4 Key Ways to Make the Boarding Process Easier on Your Dog
Vacation season is upon us, and one of the things that means is getting your dog ready for boarding in a kennel. Boarding for any length of time can be a stressful time for a dog. Follow these four key tips to make the boarding process easier on your dog.
Set Up a Trial Period
Paw Leaks suggests that once you have selected a boarding facility, arrange a trial period for your dog. The trial should last no less than 24 hours to see how your dog reacts to the daily schedule of the boarding facility. Separation anxiety during the trial is to be expected. However, the trial serves another purpose–it familiarizes your dog with the environment so that they are ready for a longer stay once your vacation time comes.
If a trial period is not in the cards for your dog, Dog Food Insider recommends seeing if the kennel offers doggie daycare services. While you will not get the full boarding experience, your dog will create positive associations with the facility, making it easier to leave them there when vacation time arrives.
Incorporate It In Their Training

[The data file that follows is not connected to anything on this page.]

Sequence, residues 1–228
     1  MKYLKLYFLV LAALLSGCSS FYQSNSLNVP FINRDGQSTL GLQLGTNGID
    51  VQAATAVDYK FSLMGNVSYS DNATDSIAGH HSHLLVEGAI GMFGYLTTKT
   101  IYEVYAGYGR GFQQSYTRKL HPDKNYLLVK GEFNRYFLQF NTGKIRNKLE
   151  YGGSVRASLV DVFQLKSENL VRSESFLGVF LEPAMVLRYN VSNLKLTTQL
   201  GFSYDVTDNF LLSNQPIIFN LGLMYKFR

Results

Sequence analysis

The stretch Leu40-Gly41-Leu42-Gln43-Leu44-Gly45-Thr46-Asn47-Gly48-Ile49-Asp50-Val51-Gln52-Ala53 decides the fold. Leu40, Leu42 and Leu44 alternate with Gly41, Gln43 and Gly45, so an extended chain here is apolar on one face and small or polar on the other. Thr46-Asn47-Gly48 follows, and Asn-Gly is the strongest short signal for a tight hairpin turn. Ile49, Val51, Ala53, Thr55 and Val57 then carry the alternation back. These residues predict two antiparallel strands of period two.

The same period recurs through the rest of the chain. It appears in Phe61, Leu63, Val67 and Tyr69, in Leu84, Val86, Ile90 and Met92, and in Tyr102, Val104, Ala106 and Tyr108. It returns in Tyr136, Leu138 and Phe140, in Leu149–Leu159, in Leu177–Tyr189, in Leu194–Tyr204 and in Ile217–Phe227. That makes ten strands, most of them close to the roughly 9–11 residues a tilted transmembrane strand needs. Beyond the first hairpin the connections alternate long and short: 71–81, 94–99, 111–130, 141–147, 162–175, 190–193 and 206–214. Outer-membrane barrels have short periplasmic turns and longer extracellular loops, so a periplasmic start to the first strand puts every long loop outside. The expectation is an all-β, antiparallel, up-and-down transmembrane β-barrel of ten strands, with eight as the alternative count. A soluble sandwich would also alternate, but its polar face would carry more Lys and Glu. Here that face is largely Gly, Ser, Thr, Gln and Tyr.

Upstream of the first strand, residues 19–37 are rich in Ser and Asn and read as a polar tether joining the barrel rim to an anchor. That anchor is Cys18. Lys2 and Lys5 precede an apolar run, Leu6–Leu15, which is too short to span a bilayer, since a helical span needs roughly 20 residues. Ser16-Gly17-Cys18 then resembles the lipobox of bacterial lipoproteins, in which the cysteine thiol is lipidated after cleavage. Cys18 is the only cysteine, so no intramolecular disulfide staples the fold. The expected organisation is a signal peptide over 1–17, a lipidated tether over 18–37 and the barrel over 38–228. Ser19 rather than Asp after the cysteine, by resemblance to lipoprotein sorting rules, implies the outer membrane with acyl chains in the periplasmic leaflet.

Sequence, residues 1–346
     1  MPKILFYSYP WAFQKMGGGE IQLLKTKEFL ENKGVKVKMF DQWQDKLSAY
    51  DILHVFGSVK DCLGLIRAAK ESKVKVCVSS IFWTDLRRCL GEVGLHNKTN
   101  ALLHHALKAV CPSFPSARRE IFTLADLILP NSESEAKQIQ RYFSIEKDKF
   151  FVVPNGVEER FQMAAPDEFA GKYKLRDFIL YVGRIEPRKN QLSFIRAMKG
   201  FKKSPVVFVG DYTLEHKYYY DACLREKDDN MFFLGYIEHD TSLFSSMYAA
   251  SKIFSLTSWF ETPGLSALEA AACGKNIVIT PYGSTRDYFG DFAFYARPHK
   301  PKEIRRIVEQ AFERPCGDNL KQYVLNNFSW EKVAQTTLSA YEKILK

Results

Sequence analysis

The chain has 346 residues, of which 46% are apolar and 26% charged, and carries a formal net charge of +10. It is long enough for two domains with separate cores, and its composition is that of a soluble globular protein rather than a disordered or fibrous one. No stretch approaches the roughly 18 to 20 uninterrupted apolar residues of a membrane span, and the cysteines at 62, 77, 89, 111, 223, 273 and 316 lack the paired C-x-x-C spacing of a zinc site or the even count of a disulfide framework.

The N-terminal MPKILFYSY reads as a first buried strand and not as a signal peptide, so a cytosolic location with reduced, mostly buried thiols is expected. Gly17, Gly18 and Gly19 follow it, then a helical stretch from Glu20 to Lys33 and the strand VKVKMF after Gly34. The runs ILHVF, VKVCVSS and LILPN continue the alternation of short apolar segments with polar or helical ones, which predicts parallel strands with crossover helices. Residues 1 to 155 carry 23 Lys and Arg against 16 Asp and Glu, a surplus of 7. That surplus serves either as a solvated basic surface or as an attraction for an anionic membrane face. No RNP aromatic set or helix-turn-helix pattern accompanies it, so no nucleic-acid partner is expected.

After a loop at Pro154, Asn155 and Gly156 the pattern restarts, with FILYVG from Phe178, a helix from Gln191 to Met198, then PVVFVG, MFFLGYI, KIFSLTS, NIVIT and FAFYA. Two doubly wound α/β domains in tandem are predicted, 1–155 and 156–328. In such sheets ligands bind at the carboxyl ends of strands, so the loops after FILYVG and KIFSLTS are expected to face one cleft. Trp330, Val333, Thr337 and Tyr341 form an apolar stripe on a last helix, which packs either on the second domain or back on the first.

Generally, crate trained dogs do better in a boarding kennel. This is because they are already used to spending time by themselves. Start preparing your dog for boarding by crate training them. The American Kennel Club states that proper crate training takes up to six months, so start early. Begin by choosing a crate that is the proper size for your dog. Start with 10 minute sessions, and always give your dog a treat when they go into the crate. Work your way up to allowing them to sleep the entire night in the crate. That way, once kenneled, they will feel comfortable falling asleep on their own.
Bring the Comforts of Home
To make your dog’s time alone at the kennel a little easier, bring them the comforts of home. Bring their bed or favorite blankets, as well as a few toys. Dogs feel more comfortable when left with the scent of their owners, so bring a worn t-shirt to leave in the kennel. Always bring your dog’s own food and treats; being in a new environment can sometimes cause digestive upset, so you want to keep their eating regimen as familiar as possible.
Say a Quick Goodbye
Dog Food Insider suggests that you keep your goodbyes short and simple. While this might seem nearly impossible, it is best to save doting on your pooch for your return. Bring your dog into the boarding kennel, check in their belongings with a kennel attendant, and say a quick goodbye. It may be an emotional time for you, but save the tears for the parking lot; the more emotional you become, the harder it will be on your dog. Additionally, it is best for this goodbye to happen as early in the morning as possible. This way, your dog has the entire day to settle into the kennel routine; this sets them up for a proper night’s rest.
Boarding your dog is not an easy task for you or your pooch. However, following the aforementioned tips will help your dog adjust to their temporary setting and put you at ease during your vacation.